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The X5’s pre-crash front seatbelts will tighten automatically in the event the vehicle detects an impending crash, improving protection against injury significantly. The Stelvio doesn’t offer pre-crash pretensioners.
The X5 has standard Active Protection, which automatically apply the brakes in the event of a crash to help prevent secondary collisions and prevent further injuries. The Stelvio doesn’t offer a post collision braking system: in the event of a collision that triggers the airbags, more collisions are possible without the protection of airbags that may have already deployed.
To provide maximum traction and stability on all roads, All-Wheel Drive is standard on the X5. But it costs extra on the Stelvio.
A passive infrared night vision system optional on the X5 helps the driver to more easily detect people, animals or other objects in front of the vehicle at night. Using an infrared camera to detect heat, the system then displays the image on a monitor in the dashboard. The Stelvio doesn’t offer a night vision system.
The X5 offers an optional Surround View to allow the driver to see objects all around the vehicle on a screen. The Stelvio only offers a rear monitor and front and rear parking sensors that beep or flash a light. That doesn’t help with obstacles to the sides.
The X5’s driver alert monitor detects an inattentive driver then sounds a warning and suggests a break. According to the NHTSA, drivers who fall asleep cause about 100,000 crashes and 1500 deaths a year. The Stelvio doesn’t offer a driver alert monitor.
The X5 has standard BMW Assist, which uses a global positioning satellite (GPS) receiver and a cellular system to remotely unlock your doors if you lock your keys in, help track down your vehicle if it’s stolen or send emergency personnel to the scene if any airbags deploy. The Stelvio doesn’t offer a GPS response system, only a navigation computer with no live response for emergencies, so if you’re involved in an accident and you’re incapacitated help may not come as quickly.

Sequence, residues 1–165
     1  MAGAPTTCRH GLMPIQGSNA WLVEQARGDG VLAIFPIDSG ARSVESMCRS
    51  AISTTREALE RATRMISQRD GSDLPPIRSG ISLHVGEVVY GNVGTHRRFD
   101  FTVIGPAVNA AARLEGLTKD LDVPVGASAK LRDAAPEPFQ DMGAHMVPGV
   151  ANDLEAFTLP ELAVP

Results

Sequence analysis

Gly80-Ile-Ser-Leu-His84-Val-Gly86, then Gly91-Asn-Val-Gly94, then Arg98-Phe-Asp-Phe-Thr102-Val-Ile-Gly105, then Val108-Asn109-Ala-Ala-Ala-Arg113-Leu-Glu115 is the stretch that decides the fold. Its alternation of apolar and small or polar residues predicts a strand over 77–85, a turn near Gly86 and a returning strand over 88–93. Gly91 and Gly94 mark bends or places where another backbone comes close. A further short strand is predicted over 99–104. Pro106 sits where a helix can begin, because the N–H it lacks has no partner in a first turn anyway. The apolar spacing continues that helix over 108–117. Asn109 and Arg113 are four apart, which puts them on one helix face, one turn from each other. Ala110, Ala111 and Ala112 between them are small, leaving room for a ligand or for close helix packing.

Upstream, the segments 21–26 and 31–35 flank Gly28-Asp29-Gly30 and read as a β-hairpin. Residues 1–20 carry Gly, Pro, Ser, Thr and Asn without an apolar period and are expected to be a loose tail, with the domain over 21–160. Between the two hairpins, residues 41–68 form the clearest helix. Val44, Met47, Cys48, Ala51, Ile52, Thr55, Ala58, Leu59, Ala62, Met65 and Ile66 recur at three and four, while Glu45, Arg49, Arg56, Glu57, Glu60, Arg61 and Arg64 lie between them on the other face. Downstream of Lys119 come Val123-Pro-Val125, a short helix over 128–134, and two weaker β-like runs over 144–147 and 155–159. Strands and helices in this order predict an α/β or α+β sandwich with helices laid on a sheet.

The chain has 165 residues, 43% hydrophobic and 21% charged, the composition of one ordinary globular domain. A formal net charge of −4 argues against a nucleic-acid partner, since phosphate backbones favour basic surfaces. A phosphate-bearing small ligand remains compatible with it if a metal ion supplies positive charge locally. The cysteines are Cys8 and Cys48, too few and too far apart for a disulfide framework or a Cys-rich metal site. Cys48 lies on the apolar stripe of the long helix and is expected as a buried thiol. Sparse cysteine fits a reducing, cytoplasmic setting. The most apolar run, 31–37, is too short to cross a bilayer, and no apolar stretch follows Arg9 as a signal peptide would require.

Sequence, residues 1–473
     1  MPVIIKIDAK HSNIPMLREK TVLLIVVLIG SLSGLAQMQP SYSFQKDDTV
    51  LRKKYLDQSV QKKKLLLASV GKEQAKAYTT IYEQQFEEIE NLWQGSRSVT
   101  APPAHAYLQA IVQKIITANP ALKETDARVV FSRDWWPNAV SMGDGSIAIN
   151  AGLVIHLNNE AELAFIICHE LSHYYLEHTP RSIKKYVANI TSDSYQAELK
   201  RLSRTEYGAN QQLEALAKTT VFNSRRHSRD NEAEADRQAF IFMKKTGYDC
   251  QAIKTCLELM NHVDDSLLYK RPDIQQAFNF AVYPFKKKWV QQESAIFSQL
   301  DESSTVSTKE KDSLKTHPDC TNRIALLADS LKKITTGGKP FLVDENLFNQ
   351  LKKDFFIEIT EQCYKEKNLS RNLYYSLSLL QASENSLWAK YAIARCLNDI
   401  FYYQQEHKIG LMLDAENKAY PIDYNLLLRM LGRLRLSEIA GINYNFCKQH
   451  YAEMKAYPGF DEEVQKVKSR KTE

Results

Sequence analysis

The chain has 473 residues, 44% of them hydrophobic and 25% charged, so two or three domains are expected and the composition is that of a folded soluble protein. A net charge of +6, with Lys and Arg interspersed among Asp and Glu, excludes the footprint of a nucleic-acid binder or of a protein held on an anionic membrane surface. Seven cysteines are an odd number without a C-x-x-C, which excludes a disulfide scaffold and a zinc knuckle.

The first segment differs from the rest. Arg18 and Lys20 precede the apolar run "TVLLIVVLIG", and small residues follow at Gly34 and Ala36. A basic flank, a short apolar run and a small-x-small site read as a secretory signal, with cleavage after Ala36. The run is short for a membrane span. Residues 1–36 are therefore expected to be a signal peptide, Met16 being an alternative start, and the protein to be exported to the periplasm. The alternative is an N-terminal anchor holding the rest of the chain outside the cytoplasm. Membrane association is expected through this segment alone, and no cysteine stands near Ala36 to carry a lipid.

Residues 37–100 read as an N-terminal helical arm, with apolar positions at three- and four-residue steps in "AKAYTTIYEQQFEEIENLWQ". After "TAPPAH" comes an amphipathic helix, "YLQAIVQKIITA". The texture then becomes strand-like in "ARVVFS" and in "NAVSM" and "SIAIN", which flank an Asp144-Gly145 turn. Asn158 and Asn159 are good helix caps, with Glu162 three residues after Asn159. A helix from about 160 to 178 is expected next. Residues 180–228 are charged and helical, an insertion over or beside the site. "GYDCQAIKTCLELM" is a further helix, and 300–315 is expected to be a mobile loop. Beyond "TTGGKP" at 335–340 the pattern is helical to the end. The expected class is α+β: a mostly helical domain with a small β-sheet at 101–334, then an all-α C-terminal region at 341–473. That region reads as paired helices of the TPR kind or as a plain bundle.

Both the X5 and the Stelvio have standard driver and passenger frontal airbags, side-impact head airbags, front seatbelt pretensioners, four-wheel antilock brakes, traction control, electronic stability systems to prevent skidding, daytime running lights and rearview cameras.
The BMW X5 weighs 769 to 1178 pounds more than the Alfa Romeo Stelvio. The NHTSA advises that heavier vehicles are much safer in collisions than their significantly lighter counterparts.
The X5’s corrosion warranty is 8 years longer than the Stelvio’s (12 vs. 4 years).
BMW pays for scheduled maintenance on the X5 for 2 years and 26000 miles longer than Alfa Romeo pays for maintenance for the Stelvio (3/36,000 vs. 1/10,000).
There are almost 2 times as many BMW dealers as there are Alfa Romeo dealers, which makes it much easier should you ever need service under the X5’s warranty.
The X5 xDrive40i’s standard 3.0 turbo 6 cyl. produces 55 more horsepower (335 vs. 280) and 24 lbs.-ft. more torque (330 vs. 306) than the Stelvio’s 2.0 turbo 4 cyl. The X5 xDrive50i’s standard 4.4 turbo V8 produces 176 more horsepower (456 vs. 280) and 173 lbs.-ft. more torque (479 vs. 306) than the Stelvio’s 2.0 turbo 4 cyl.
Regenerative brakes improve the X5’s fuel efficiency by converting inertia back into energy instead of wasting it. The Stelvio doesn’t offer a regenerative braking system.
The X5 has 5 gallons more fuel capacity than the Stelvio (21.9 vs. 16.9 gallons), for longer range between fill-ups.
The X5’s launch control uses engine electronics to hold engine RPM’s precisely in order to provide the most stable and rapid acceleration possible, using all of the available traction. The Stelvio doesn’t offer launch control.
For better traction, the X5 has larger standard tires than the Stelvio (265/50R19 vs. 235/60R18). The X5’s optional tires are larger than the largest tires available on the Stelvio (F:275/40R21 & R:315/35R21 vs. 255/45R20).
The X5’s standard tires provide better handling because they have a lower 50 series profile (height to width ratio) that provides a stiffer sidewall than the Stelvio’s standard 60 series tires. The X5’s optional 275/35R22 front and 315/30R22 rear tires have a lower 35 series front and 30 series rear profile than the Stelvio’s optional 45 series tires.